More than thirty years later, "Pacific Banana" like the main character Martin is a bit of a misfire. It doesn't get up to where it wants to go and whimpers out before the climax. (Yes the sexual puns are intended.) The film was previously issued by Umbrella Entertainment in 2004 under their "Sexy Oz Retro Collection". Umbrella Entertainment has reissued the disc under the "Ozploitation Classics" line with the exact same disc in new packaging.

Note this is a region 0 PAL DVD


Umbrella Entertainment presents the film in 1.78:1 with anamorphic enhancement in the PAL format. The print used for the transfer is a fairly good one though it does have its limitations. The transfer has some specs and scratches and colors are a bit dark losing vibrancy. On the plus side, the specs are minimal and the colors are mostly consistent, there are no heavy damage marks, and film grain is still visible. It's not exactly the strongest film transfer, but it is certainly on the watchable side.

The film's runtime is 79:38.


English Dolby Digital 2.0 mono
The original mono track sounds fair though nothing particularly special. Dialogue is fairly clear and music is well balanced, though there can be some muffled and flat toned portions here and there. There are no major issues with hiss, pops, or cracks in the track.

There are no subtitles available.


"Pacific Banana Unpeeled" featurette (25:51)
In this 2004 featurette, John D. Lamond, Deborah Gray, John Chase, and Alan Hopgood are interviewed separately as they recall the film. They talk about the actors, the nudity, the writing, the difficulties shooting on location, how the theme song came about, and much more. Lamond is for some reason in a hotel bedroom while being served by a young topless woman and Gray is for some reason at the seaside where her audio is flooded by crashing waves.
in anamorphic 1.78:1, in English Dolby 2.0 with no subtitles

"Confessions of an R-Rated Filmmaker" featurette (8:09)
John D. Lamond, the director of “Australia After Dark”, “Felicity”, and “Pacific Banana” talks about his career making fun and sexy films with no regrets. This featurette is also available on "Not Quite Hollywood: The Wild, Untold Story of Ozploitation!" and "Nightmares" among other Umbrella titles.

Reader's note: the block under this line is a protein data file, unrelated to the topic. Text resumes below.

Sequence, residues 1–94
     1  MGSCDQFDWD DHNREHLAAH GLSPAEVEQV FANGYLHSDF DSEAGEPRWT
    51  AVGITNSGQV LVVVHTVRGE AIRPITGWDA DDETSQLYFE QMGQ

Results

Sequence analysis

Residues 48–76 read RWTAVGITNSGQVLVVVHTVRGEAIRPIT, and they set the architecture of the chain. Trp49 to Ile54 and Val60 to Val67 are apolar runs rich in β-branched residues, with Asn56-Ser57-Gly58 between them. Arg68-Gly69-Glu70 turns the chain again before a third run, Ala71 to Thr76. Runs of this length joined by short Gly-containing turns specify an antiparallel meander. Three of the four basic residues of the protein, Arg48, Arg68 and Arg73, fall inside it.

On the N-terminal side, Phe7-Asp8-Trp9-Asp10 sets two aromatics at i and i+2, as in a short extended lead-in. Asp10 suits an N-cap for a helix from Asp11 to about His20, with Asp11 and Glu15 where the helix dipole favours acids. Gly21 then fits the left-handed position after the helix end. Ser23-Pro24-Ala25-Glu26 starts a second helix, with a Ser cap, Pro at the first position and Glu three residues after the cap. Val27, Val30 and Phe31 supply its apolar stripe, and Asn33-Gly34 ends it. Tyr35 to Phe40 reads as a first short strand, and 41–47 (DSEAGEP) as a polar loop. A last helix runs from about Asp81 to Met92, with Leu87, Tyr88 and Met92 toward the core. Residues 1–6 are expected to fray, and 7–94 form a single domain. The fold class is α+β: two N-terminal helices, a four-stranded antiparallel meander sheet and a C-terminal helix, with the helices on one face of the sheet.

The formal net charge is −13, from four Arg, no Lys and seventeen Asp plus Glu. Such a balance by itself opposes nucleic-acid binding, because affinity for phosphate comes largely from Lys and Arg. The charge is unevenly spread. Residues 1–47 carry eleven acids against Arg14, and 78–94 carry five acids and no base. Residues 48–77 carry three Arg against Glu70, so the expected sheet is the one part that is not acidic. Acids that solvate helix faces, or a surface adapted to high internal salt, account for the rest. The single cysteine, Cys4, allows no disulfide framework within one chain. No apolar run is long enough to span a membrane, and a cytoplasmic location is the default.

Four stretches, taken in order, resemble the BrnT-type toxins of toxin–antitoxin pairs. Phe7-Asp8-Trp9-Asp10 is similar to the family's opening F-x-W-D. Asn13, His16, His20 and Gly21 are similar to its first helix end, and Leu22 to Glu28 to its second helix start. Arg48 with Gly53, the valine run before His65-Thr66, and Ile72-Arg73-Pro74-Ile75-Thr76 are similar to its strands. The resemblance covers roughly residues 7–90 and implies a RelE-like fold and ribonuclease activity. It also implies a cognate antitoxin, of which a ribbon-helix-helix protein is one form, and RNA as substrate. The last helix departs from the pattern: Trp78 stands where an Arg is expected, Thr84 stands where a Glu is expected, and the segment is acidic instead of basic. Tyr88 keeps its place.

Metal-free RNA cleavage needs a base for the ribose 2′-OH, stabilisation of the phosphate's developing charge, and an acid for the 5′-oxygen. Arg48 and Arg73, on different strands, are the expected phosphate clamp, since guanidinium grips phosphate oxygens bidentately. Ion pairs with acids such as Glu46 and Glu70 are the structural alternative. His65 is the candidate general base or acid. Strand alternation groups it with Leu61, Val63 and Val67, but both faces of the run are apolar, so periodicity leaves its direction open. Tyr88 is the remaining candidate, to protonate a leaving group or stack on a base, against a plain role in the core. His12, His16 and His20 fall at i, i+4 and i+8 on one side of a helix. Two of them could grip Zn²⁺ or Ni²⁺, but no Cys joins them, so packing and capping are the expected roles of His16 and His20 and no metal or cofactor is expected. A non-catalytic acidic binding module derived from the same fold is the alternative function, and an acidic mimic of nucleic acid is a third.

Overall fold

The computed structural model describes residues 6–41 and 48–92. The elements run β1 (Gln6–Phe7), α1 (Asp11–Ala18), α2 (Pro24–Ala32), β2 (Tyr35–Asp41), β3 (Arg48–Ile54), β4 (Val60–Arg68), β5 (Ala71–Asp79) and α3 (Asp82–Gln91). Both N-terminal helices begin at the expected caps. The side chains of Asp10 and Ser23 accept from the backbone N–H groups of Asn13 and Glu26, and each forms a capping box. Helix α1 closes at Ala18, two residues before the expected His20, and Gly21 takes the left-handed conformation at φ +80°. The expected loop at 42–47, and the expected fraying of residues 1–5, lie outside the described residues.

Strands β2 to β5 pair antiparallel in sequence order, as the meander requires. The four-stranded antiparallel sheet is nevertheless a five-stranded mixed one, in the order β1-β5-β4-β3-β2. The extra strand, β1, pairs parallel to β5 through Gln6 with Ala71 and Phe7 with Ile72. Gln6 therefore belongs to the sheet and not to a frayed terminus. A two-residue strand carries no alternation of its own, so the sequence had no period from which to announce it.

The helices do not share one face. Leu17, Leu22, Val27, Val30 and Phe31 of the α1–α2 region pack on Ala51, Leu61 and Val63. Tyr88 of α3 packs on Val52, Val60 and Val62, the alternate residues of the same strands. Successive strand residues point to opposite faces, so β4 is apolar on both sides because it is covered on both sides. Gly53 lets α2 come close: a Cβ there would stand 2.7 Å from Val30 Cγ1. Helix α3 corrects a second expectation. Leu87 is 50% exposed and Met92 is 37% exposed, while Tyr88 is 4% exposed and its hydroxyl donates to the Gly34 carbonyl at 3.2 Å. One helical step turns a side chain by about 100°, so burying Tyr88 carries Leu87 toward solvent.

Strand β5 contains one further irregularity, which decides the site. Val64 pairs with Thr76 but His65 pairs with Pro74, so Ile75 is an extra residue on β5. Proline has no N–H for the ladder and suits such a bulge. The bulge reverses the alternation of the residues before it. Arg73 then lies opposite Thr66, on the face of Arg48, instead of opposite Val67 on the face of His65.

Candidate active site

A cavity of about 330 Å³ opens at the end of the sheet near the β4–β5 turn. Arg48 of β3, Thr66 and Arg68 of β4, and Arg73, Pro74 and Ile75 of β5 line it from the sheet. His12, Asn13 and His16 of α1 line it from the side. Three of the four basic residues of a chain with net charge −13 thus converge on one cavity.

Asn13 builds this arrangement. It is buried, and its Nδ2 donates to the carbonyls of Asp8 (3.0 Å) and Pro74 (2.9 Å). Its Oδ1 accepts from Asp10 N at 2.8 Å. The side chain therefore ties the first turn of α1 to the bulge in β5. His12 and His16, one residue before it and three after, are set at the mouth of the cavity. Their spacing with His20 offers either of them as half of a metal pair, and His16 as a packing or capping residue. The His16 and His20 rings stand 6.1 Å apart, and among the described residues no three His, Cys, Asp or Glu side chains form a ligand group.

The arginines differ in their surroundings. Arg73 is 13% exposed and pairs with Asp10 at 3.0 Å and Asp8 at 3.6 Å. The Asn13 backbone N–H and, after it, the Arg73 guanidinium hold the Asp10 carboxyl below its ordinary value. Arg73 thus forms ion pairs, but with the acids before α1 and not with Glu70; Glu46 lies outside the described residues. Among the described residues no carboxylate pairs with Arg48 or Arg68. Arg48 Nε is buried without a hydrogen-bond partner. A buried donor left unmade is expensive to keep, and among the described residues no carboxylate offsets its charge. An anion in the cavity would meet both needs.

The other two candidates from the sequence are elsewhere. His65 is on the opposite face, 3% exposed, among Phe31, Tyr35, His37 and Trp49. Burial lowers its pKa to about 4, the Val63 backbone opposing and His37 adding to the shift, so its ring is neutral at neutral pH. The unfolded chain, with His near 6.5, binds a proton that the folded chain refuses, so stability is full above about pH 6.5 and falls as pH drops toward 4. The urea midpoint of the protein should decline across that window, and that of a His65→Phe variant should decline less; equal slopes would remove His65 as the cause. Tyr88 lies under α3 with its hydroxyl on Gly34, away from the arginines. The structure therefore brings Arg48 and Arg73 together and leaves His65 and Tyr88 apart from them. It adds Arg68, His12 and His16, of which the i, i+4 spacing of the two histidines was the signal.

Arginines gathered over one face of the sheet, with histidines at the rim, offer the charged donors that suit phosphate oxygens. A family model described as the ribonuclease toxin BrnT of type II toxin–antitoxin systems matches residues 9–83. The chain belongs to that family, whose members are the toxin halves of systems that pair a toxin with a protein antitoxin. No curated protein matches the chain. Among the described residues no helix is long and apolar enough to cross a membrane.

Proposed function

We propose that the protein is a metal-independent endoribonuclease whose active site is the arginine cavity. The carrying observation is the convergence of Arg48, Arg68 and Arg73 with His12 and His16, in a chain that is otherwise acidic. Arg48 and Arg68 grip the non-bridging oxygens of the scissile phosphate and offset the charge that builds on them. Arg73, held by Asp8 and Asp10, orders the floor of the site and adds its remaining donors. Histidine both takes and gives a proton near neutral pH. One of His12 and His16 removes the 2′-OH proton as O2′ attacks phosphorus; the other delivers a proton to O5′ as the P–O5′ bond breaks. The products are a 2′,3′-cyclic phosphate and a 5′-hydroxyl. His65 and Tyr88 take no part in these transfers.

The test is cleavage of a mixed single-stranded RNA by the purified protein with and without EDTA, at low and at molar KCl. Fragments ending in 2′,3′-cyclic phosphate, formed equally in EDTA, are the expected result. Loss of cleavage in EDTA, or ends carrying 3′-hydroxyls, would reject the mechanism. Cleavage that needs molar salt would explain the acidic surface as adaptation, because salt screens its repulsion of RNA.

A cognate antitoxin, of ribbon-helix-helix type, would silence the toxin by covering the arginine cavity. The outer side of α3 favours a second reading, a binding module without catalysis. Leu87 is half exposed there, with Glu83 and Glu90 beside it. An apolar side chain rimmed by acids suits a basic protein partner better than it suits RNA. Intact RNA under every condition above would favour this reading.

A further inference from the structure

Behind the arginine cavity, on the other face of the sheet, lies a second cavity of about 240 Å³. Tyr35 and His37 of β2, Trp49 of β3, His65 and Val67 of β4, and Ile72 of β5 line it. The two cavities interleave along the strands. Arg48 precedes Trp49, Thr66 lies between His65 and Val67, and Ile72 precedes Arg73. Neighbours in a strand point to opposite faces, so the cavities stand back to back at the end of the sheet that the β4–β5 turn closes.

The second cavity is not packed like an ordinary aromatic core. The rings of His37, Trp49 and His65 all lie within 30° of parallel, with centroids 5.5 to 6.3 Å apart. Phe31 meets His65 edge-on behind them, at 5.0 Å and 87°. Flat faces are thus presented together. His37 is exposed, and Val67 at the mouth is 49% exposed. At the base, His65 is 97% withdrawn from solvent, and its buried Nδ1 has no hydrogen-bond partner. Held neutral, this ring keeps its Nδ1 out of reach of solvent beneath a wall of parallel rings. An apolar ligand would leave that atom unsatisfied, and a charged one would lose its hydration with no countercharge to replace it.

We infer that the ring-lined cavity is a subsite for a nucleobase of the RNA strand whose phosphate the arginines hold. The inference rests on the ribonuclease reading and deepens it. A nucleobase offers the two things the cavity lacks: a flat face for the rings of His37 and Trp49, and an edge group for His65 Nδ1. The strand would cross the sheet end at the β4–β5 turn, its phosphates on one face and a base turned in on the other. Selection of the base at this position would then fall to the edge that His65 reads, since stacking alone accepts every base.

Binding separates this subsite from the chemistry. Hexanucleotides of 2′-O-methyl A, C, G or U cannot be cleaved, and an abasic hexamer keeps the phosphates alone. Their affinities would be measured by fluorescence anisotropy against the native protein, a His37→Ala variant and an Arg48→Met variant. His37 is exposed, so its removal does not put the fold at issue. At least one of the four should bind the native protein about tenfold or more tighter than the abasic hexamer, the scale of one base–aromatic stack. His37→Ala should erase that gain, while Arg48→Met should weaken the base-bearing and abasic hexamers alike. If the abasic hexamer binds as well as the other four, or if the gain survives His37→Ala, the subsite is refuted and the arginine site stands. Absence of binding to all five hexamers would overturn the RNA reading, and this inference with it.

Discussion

in anamorphic 1.78:1, in English Dolby 2.0 with no subtitles

Pacific Banana Gallery
Presented are 34 stills of posters, on set photos, and behind the scenes photos.
in anamorphic 1.78:1

Deborah Gray Gallery
Presented are 20 stills of the actress, ranging from publicity photos, magazine covers, and articles. These do not necessarily cover Pacific Banana.
in anamorphic 1.78:1

Deborah Gray and Luan Peters single "Trouble" (audio-only) (2:48)
In this audio only extra, the two actresses sing "Trouble" accompanied by the record artwork and promotional stills.
in Dolby Digital 2.0

Theatrical Trailer (2:49)
The original Australian trailer filled with specs and scratches is here.
in anamorphic 1.78:1, in English Dolby 2.0 with no subtitles

Bonus Trailers
- "The True Story of Eskimo Nell" (3:01)
- "Fantasm" (2:26)
- "Fantasm Comes Again" (1:54)

Three more selections from the "Sexy Oz Retro Collection" are presented here.
in various ratios, in English Dolby 2.0 with no subtitles

Below is an excerpt from the film, courtesy of Umbrella Entertainment.


As stated this is a reissue of the 2004 "Sexy Oz Retro Collection" release from Umbrella Entertainment, just rebranded with the "Ozploitation Classics" logo. The disc menus, disc extras are exactly the same with new packaging.


"Pacific Banana" leans too much on silly slapstick more than the T&A and it's more of an innocent failure rather than a continuation of the Australian sexploitation pics of the 1970s. Umbrella Entertainment provides a good amount of extras and the transfer with image and audio are quite fair. Fans that couldn't pick up the original out of print 2004 disc now have a cheaper alternative here.

The Film: C- Video: B- Audio: B- Extras: B Overall: C+